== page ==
Tuesday, October 4, 2011

10 Principles for Assisting Reading. 6b Scaffolding

In the last two blogs we discussed the scaffolding required for two types of miscues that are typically made during guided reading.

The third situation is rather simple, it does not require any intervention. When the reader makes an error and the meaning is not lost then do not respond. This type of miscue is common to most good readers and is an indication that the reader is reading actually processing for meaning. It stands to reason that when a reader makes an error that has almost the same meaning as the targeted word then the reader has understood the message conveyed by the author. Meaning is the most important consideration because the purpose of reading is to understand. By ignoring this type of miscue reading risk-taking and fluency will be encouraged. This is not normally a problem because as the reader becomes more confident this type of miscue will diminish, but not completely. Competent readers make this type of miscue more often that we realise. Normally competent readers monitor their reading by asking themselves, "Does this make sense? or "Does this sound right?" If the answer to these two questions is yes the reader will continue the reading without any loss of meaning.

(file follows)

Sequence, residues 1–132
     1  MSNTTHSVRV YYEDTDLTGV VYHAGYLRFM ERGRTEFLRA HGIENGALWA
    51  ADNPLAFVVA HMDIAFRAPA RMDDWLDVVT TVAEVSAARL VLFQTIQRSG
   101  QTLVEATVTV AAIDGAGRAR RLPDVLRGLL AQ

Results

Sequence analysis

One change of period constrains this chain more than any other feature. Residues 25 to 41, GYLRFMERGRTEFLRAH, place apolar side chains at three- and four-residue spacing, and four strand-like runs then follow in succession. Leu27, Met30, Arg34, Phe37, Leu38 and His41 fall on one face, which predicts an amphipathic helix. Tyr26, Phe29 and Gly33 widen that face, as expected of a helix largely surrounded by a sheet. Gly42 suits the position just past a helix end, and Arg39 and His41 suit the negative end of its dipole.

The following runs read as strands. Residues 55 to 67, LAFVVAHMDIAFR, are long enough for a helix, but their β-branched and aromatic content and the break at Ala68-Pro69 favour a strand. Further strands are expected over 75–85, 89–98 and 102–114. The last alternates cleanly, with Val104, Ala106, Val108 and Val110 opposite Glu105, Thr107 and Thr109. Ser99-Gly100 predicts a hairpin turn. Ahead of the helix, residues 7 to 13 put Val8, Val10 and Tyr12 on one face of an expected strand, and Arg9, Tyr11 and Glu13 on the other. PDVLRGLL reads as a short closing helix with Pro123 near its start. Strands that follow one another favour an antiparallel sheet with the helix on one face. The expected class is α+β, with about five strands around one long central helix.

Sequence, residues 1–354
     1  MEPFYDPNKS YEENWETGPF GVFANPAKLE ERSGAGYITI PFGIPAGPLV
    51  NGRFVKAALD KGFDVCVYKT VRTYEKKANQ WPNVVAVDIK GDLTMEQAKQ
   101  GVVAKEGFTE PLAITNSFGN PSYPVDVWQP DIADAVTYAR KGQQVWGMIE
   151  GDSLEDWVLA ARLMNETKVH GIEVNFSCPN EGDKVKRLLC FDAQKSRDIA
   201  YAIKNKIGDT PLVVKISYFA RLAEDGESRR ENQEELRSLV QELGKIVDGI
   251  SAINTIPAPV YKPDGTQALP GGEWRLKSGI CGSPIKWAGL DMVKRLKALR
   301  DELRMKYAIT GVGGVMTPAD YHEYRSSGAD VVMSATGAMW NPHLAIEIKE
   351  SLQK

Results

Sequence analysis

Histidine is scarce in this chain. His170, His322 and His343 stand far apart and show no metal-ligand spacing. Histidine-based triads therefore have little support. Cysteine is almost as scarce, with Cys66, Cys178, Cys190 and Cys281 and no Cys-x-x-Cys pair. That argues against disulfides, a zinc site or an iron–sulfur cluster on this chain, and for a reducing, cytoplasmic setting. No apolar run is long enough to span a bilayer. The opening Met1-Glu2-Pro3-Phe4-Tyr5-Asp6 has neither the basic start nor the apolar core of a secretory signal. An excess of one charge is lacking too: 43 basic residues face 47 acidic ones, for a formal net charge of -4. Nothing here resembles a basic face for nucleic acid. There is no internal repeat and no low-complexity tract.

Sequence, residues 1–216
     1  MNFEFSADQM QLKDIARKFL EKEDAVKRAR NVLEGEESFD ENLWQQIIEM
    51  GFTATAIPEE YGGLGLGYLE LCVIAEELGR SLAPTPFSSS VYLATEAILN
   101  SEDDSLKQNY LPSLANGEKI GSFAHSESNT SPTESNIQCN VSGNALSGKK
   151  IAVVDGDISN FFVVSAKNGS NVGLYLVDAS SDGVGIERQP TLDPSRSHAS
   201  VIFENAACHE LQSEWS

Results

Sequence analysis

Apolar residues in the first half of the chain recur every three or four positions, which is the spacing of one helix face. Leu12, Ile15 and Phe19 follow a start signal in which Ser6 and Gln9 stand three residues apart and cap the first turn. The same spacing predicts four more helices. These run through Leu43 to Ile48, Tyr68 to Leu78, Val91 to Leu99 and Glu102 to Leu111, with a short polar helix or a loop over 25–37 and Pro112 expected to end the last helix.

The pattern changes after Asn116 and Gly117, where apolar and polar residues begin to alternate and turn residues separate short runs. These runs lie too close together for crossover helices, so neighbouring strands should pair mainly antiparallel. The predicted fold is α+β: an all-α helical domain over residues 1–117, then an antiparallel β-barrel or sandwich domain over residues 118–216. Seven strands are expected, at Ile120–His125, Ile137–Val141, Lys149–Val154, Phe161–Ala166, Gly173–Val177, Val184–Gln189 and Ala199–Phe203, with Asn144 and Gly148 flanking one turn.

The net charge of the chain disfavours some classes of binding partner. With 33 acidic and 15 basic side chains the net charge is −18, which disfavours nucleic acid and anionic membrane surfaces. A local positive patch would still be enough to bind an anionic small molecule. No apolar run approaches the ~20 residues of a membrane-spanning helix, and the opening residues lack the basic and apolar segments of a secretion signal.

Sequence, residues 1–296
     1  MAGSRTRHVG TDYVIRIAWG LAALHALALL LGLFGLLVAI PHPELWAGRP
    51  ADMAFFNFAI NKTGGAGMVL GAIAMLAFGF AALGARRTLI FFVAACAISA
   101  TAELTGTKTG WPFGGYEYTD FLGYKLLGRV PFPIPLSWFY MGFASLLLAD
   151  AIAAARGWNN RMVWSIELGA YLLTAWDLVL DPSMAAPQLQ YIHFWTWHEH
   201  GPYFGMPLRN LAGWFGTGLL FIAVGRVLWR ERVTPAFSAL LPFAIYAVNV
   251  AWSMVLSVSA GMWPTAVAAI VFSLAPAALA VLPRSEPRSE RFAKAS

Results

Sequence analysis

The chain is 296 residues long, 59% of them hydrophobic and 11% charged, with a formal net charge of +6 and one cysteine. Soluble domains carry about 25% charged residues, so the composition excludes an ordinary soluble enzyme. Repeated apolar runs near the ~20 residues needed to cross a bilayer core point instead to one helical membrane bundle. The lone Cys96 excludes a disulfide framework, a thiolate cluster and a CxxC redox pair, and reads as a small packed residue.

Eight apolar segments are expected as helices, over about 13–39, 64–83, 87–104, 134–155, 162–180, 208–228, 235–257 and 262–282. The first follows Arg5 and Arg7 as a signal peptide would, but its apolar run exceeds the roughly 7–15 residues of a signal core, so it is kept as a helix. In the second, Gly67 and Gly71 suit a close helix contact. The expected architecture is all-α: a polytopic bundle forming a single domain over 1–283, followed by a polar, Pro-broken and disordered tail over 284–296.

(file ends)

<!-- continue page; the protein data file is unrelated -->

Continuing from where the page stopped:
If the reading is interrupted the reading guide may be in danger of giving a wrong message. The reader should be sampling the text and touching the fewest bases so that working memory can be used effectively without being overloaded. On the other hand, if too much emphasis is placed on exactness the danger is that reading will slow down, risk-taking will be stifled, meaning will be lost, and working memory will not function efficiently.


  1. Thank you very much for this series!

  2. Hi Emily,
    It's good to get some positive feedback.
    Any ideas, what worked for me, or suggestions would be great!